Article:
Fate selection in the neural crest lineage and its regulation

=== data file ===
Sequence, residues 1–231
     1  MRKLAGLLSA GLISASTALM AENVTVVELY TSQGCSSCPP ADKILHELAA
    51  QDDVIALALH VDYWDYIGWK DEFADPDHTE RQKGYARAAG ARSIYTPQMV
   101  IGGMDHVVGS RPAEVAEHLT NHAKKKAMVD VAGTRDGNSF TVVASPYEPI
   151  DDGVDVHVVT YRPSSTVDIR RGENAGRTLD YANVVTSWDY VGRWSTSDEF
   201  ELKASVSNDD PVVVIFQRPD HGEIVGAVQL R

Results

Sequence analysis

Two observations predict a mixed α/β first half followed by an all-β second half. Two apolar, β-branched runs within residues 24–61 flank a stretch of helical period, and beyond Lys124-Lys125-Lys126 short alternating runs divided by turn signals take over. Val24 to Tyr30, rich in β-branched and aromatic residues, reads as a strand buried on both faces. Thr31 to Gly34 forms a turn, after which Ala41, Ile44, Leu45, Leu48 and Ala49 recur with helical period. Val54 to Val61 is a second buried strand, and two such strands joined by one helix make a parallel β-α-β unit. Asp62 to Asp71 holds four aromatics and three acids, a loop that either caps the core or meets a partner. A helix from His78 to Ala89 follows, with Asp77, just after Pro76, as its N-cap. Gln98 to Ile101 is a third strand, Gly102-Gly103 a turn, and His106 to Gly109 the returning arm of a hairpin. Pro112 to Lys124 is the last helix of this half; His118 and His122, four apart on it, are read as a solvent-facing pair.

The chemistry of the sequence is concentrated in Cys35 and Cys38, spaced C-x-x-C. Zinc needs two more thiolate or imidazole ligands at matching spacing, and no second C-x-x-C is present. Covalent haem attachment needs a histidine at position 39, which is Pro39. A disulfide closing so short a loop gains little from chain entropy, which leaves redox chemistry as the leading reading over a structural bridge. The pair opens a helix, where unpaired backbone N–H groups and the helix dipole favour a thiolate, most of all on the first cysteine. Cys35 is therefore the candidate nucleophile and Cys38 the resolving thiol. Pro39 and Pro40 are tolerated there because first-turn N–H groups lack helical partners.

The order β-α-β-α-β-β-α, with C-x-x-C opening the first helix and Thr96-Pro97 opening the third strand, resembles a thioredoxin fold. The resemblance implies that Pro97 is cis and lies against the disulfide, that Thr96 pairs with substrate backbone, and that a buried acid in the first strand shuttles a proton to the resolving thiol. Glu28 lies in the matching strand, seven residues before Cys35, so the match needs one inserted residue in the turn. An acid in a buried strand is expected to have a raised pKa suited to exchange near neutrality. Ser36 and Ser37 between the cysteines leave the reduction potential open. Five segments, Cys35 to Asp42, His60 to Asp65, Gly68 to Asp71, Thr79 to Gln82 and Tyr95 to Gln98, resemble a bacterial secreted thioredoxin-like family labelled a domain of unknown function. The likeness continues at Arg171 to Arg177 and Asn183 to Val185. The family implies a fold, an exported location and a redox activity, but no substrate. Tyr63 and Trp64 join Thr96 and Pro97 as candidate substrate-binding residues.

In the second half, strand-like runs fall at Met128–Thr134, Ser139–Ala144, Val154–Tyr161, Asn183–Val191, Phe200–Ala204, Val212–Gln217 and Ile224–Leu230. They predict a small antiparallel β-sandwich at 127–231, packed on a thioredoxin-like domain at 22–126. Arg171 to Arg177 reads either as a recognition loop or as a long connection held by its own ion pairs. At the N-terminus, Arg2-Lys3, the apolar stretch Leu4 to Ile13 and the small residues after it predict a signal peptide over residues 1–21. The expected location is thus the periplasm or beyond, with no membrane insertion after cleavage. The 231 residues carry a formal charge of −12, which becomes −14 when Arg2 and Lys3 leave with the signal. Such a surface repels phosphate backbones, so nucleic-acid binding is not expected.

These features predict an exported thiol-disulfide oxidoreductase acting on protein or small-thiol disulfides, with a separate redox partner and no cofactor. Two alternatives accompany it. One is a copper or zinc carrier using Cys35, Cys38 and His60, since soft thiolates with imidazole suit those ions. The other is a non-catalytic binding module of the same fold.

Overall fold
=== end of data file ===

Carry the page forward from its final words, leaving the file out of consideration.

Sammanfattning: The neural crest is a transient embryonic progenitor cell population that generates a diverse array of cell and tissue types, including cartilage, bone, teeth, soft connective and adipose tissues, peripheral sensory and autonomic neurons, myelinating and non-myelinating Schwann cells, melanocytes, cardiac outflow tract, adrenal medulla and other derivatives. Neural crest cells start as neuroepithelial cells forming at the border of neural and non-neural ectoderm in a vertebrate embryo. After delaminating at the time of the early neural tube closure, they migrate towards their final destinations in the body while undergoing major changes of their transcriptional states during fate selection and differentiation processes. Changes in gene regulatory networks controlling neural crest states direct neural crest development. Sets of interacting molecular signaling pathways, transcriptional factors, epigenetic states and downstream effector programs confer features like multipotency, multilineage differentiation and directed migratory capacity of the neural crest. The main goal of this doctoral thesis was to shed light on how neural crest cells make their fate choices during migration, and more specifically, how the neural crest-derived Schwann cell precursors contribute to neuroendocrine chromaffin cells and sympathetic neurons in the body. I also explored the avenues of how the process of healthy transition from nerve-associated Schwann cell precursors into chromaffin neuroendocrine cells and sympathoblasts might influence the formation of embryonic and early pediatric malignancies, such as neuroblastoma and other neuroendocrine tumors, using one of the most efficient approaches nowadays – single cell transcriptomics. In paper I, we followed the development of the adrenal medulla from the embryonic to postnatal stages and generated a new single cell transcriptomics atlas of chromaffin and Schwann cell development. We discovered that Schwann cell precursors show high microheterogeneity corresponding to early biases towards either Schwann or chromaffin terminal fates. Moreover, we found and distinguished previously unrecognized states/clusters of developing chromaffin cells, considering that some subclusters might have unique developmental roles. In paper II, we analyzed the difference in development of murine and human sympathoadrenal and aorta-gonad-mesonephros anlagens to find out human-specific aspects of human development, which might be a key to understanding the origin of neuroblastoma. We found cell state transitions between intra-adrenal sympathoblasts and immature chromaffin cells, showing that in human and mice the transitions happen in various ways, although chromaffin cells and specific sympathoblasts in both species are derivatives of Schwann cell precursors. In humans, the process of recruitment of Schwann cell precursors from the nerves and transition into sympatho-adrenal fates in large intra-adrenal ganglia-like structures continues for weeks, which creates a potential long-lasting reservoir of cells potentially giving rise to neuroblastoma. In paper III, we focused on the generation of the first single cell transcriptomics and spatial atlas of migrating neural crest cells in murine embryos to understand the hierarchy of fate choice via advanced trajectory analysis and obtaining insights from specific investigation of cell populations at and prior to bifurcation points in the embeddings of transcriptional states. We discovered the hierarchy of cell fate choices, starting from a subdivision of sensory and sympatho-adrenal fates. This approach also helped us to pinpoint and validate the key difference in the fate selection dynamics in skeletogenic cranial and non-skeletogenic trunk neural crest. Altogether, my studies provided new insights into fate selection machinery during neural crest and Schwann cell precursor development into downstream cell populations, more specifically, into diverse cells building adrenal medulla and Organ of Zuckerkandl, which are entirely responsible for production and release of adrenaline and noradrenaline in our body.
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